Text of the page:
nx OptIn
detecthal Yes
 
Resume from Hibernate
---------------------
identifier {8803457e-dcd0-11e1-bb52-dd1735160394}
device partition=C:
path \windows\system32\winresume.exe
description Windows Resume Application
locale en-us
inherit {resumeloadersettings}
filedevice partition=C:
filepath \hiberfil.sys
debugoptionenabled No
 
Windows Memory Tester
---------------------
identifier {memdiag}
device partition=\Device\HarddiskVolume1
path \boot\memtest.exe
description Windows Memory Diagnostic
locale en-us
inherit {globalsettings}
badmemoryaccess Yes
 
EMS Settings
------------
identifier {emssettings}
bootems Yes
 
Debugger Settings
-----------------
identifier {dbgsettings}
debugtype Serial
debugport 1
baudrate 115200
 
RAM Defects
-----------
identifier {badmemory}
 
Global Settings
---------------
identifier {globalsettings}
inherit {dbgsettings}
{emssettings}
{badmemory}
 
Boot Loader Settings
--------------------
identifier {bootloadersettings}
inherit {globalsettings}
{hypervisorsettings}
 
Hypervisor Settings
-------------------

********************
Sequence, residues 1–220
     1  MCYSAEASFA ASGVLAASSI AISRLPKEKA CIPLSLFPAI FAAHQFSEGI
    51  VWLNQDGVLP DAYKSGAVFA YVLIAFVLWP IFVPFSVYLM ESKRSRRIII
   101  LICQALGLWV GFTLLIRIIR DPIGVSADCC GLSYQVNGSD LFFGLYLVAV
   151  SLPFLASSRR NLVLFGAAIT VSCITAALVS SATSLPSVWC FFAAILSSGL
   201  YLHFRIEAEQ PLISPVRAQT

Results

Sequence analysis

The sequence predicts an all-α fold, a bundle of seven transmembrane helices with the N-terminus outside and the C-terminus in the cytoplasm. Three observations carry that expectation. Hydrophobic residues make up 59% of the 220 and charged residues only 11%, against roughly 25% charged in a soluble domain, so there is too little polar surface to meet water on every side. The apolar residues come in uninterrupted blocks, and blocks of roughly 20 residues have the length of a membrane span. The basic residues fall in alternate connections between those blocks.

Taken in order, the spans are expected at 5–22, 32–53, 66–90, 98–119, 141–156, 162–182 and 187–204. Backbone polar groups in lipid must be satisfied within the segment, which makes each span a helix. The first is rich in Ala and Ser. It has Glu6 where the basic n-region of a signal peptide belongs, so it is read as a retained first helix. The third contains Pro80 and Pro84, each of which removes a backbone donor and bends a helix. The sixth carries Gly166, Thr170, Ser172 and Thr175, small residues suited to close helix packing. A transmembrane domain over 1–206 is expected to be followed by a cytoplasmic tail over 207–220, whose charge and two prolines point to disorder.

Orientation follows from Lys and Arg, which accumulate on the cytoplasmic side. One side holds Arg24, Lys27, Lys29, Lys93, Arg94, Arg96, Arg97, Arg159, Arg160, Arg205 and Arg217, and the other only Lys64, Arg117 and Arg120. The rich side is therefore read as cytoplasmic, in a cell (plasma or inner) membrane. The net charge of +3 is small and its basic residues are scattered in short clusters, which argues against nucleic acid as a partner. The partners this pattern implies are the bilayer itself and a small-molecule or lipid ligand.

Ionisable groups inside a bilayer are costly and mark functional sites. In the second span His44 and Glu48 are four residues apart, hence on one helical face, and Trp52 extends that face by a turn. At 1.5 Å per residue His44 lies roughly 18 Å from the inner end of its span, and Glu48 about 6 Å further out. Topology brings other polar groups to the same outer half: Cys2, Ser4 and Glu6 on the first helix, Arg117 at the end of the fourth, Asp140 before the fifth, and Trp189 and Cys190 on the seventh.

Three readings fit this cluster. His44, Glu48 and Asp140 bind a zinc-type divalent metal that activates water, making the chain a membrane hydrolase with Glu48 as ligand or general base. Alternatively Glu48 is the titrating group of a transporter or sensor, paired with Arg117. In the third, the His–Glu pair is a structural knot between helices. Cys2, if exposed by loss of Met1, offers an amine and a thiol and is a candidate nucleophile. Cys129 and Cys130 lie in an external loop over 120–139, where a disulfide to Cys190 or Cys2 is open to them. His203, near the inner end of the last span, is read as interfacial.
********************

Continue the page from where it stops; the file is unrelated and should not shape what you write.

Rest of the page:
identifier {hypervisorsettings}
hypervisordebugtype Serial
hypervisordebugport 1
hypervisorbaudrate 115200
 
Resume Loader Settings
----------------------
identifier {resumeloadersettings}
inherit {globalsettings}
 
Device options
--------------
identifier {88034579-dcd0-11e1-bb52-dd1735160394}
ramdisksdidevice partition=C:
ramdisksdipath \Recovery\853ec2c3-d0d3-11e1-9392-e53aceb99ec0\boot.sdi
 
Device options
--------------
identifier {8803457b-dcd0-11e1-bb52-dd1735160394}
description Ramdisk Options
ramdisksdidevice partition=C:
ramdisksdipath \Recovery\8803457a-dcd0-11e1-bb52-dd1735160394\boot.sdi
 
Device options
--------------
identifier {8803457d-dcd0-11e1-bb52-dd1735160394}
ramdisksdidevice partition=C:
ramdisksdipath \Recovery\0e18341f-e344-11e1-8661-ce906dfc6f91\boot.sdi
 
C:\windows\system32>

& the name of the folder in the Recovery folder is:

0e18341f-e344-11e1-8661-ce906dfc6f91

I didn't delete or merge/move any partitions. I had a dual boot with Ubuntu recently but, I've since deleted that & restored MBR. I also restored the Boot & BCD as other posts & forums suggested. I'm not sure if those were necessary because my Windows 7 is booting just fine. The issue is that I can't seem to get to the Recovery partition.

I don't want to try referencing others fixes & trying my own. I want to know exactly how to do it correctly. As always any help will be greatly appreciated.


My System SpecsSystem Spec
.

12 Aug 2012   #2
Microsoft MVP

 

You're lucky this is all the corruption GRUB caused since we see cases where it makes Windows 7 irreparable.